Friday, May 27, 2016

Healing Berries by Kirsten Hartvig

book cover
Healing Berries
by Kirsten Hartvig


ISBN-13: 9781848991552
Paperback: 240 pages
Publisher: Watkins Publishing
Released: April 19, 2016

Source: ebook review copy from the publisher through NetGalley.

Book Description, Modified from NetGalley:
Berries are among the healthiest foods on the planet. Every month, new research is published describing the health-giving properties of a well-known or recently discovered berry. Most berries are easy to store and use out of season: they can be dried, preserved with alcohol or sugar, or frozen, and most of us can now find a wide selection of berries in supermarkets and specialist healthfood stores.

This book is a celebration of the health-giving properties of berries, as well as a treasure-trove of fabulous ways to use them in your cooking. The book includes 50 profiles of the healthiest and most popular species - including a├žai, cranberry, blueberry and redcurrant. Renowned nutritionist and naturopath Kirsten Hartvig also offers more than 100 recipes, from breakfasts and preserves to juices and liqueurs.


My Review:
Healing Berries is a guide to buying, storing, and using berries. In the first half of the book, the author provided profiles for 50 berries from all over the world. These include a few that you don't think of as berries. She provided historical and general information about each type of berry, where to find it, how it's commonly used, how to store it, a brief nutrition profile, and health benefits.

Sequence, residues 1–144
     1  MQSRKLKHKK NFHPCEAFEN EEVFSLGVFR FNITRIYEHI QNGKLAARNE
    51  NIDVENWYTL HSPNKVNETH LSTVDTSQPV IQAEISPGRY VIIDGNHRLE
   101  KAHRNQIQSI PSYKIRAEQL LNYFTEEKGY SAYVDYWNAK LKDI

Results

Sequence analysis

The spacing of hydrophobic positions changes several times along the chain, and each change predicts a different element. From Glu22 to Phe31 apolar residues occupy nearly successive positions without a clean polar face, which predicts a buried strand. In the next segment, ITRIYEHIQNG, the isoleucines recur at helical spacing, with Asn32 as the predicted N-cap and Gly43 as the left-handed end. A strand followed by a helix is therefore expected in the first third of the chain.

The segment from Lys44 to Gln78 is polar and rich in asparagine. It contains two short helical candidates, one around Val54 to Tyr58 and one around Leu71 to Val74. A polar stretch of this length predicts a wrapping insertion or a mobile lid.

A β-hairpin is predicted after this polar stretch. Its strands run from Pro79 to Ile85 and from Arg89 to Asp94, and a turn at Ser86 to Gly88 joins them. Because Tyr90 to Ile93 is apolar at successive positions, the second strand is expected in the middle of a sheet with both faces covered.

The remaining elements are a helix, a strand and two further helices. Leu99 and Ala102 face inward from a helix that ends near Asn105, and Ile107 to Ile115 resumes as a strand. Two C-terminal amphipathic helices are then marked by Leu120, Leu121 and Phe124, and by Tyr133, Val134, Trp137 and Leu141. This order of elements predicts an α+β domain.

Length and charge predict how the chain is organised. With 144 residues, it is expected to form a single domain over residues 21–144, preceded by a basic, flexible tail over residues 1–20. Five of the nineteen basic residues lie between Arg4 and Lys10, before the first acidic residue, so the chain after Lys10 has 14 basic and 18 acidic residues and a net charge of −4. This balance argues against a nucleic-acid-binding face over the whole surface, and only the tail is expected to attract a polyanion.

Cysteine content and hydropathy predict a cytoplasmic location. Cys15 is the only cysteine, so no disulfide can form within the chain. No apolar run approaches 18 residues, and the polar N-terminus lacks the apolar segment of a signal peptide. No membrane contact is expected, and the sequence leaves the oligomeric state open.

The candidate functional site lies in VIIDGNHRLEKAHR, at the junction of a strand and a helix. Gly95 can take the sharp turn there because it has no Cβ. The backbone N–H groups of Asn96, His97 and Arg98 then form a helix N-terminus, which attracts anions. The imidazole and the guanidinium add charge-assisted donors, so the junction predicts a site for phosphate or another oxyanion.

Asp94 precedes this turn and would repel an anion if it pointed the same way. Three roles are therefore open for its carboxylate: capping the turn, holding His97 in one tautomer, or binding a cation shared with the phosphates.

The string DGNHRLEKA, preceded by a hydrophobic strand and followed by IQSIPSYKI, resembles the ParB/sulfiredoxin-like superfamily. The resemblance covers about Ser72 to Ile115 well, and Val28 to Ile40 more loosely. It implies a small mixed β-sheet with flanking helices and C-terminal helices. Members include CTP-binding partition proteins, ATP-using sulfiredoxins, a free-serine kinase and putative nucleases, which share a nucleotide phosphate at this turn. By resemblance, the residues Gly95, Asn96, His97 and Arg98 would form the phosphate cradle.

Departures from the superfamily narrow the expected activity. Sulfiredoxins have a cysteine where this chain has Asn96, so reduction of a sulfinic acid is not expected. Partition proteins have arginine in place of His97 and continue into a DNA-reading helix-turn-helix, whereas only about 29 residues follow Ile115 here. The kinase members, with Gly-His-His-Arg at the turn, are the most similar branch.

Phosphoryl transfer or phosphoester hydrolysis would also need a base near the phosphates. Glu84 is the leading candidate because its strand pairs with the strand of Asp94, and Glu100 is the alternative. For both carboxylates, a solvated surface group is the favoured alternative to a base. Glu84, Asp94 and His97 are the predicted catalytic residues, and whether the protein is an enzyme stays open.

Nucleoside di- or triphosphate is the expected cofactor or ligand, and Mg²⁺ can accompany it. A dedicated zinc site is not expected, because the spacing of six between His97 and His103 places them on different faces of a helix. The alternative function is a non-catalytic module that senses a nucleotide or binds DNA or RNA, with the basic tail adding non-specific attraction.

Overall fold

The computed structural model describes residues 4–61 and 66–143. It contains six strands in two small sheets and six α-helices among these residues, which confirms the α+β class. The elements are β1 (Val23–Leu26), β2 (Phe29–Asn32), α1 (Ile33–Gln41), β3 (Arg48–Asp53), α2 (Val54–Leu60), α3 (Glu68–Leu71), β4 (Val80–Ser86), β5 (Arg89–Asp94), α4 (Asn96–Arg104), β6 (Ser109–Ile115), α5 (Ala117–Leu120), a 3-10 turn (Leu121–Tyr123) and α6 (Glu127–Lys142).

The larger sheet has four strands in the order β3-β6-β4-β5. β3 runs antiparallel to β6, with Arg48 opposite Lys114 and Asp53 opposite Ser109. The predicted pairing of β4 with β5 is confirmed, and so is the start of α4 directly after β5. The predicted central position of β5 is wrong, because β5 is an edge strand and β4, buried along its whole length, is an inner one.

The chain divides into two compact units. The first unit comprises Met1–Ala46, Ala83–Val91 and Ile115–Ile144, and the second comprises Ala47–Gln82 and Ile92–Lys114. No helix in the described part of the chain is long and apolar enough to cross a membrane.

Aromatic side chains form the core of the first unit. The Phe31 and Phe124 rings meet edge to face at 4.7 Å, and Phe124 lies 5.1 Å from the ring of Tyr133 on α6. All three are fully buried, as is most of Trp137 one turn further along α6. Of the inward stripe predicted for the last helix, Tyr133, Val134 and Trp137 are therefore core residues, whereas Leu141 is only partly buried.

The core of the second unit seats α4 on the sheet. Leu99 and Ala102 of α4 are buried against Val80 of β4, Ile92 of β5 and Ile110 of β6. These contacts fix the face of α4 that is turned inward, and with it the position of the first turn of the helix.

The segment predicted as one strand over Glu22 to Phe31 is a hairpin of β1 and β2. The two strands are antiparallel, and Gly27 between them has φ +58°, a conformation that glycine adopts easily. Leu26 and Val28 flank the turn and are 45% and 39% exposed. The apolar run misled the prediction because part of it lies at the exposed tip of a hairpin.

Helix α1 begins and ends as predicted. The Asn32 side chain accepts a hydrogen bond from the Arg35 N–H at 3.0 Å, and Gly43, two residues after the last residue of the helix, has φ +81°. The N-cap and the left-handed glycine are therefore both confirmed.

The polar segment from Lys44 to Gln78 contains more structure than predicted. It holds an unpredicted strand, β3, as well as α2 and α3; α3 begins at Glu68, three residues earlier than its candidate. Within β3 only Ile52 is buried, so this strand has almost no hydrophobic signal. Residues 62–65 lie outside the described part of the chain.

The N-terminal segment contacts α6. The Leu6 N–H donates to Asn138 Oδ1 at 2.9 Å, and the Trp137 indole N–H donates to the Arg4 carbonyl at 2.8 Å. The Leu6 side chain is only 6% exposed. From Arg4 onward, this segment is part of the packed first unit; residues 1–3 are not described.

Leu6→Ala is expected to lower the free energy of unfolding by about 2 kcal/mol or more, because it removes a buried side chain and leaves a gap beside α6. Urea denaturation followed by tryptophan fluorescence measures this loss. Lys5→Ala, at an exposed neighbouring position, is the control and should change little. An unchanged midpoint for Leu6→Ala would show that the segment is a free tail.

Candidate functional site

In the second half of the book, the author provided 100 recipes from around the world. They sound fairly simple to do, and many contained berries you can buy locally. They're intended to be healthy recipes, so the author suggests using organic, whole foods as ingredients. She included recipe variations for vegans. The recipes were for snacks, salads, soups, baked goods, deserts, preserves, juices, smoothies, liqueurs, breakfasts, and main dishes. Most of the recipes take between 10 to 40 minutes to make and serve 4 people.

The berries covered were: acai berry, aronia/chokeberry/barberry, bearberry, bilberry, blackberry, black currant, blueberry, boysenberry, caperberry, cherry, cloudberry, cranberry, crowberry, damson, dewberry, elderberry, goji berry, golden berry, gooseberry, grape, honeyberry, huckleberry, Indian gooseberry/amla, jujube/Chinese date, juniper, Kiwi fruit/Chinese gooseberry, lingonberry, loganberry, mulberry, Oregon grape, persimmon, raspberry, redcurrant, rose hip, rowan, salmonberry, sea-buckthorn, seagrape, serviceberry, sloe, strawberry, strawberry tree, sumac, thimbleberry, tomato, ugniberry, whitecurrant, whortleberry, wineberry.


If you've read this book, what do you think about it? I'd be honored if you wrote your own opinion of the book in the comments.


Wednesday, May 25, 2016

Fashion In The Time Of Queen Elizabeth I (1558-1603) by Melinda Camber Porter

book cover
Fashion In The Time Of Queen Elizabeth I (1558-1603)
by Melinda Camber Porter


ISBN-13: 9781942231103
ebook: 82 pages
Publisher: Blake Press
Released: May 16, 2016

Source: ebook review copy from the publisher through NetGalley.

Book Description, Modified from Goodreads:
Fashion in the Time of Queen Elizabeth I (1558-1603) was a hand written thirty-four page document on eight inch by twelve inch lined British school tablet paper with thirty-one separate drawings on white paper. Melinda Camber Porter wrote and illustrated this book as a school report in Second Grade (Class 2), where she attended The City of London School for Girls. Melinda's reference material appears to originate from the great British fashion writer and illustrator of the 1930s, Dion Clayton Calthrop, who wrote and illustrate many books on English fashion from 1050 A.D. to 1750 A.D.